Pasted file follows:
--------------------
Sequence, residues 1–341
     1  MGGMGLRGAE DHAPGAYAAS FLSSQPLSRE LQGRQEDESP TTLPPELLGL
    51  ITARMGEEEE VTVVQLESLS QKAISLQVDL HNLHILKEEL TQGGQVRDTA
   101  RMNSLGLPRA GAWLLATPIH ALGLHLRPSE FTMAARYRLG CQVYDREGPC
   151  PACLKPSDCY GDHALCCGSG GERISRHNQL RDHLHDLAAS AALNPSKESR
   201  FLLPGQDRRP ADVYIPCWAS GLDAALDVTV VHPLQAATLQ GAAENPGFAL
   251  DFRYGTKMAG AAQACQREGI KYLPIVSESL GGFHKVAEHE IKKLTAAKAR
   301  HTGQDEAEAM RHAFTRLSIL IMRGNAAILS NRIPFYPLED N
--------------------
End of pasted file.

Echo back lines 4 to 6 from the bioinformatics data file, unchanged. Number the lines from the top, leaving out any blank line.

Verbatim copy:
   101  RMNSLGLPRA GAWLLATPIH ALGLHLRPSE FTMAARYRLG CQVYDREGPC
   151  PACLKPSDCY GDHALCCGSG GERISRHNQL RDHLHDLAAS AALNPSKESR
   201  FLLPGQDRRP ADVYIPCWAS GLDAALDVTV VHPLQAATLQ GAAENPGFAL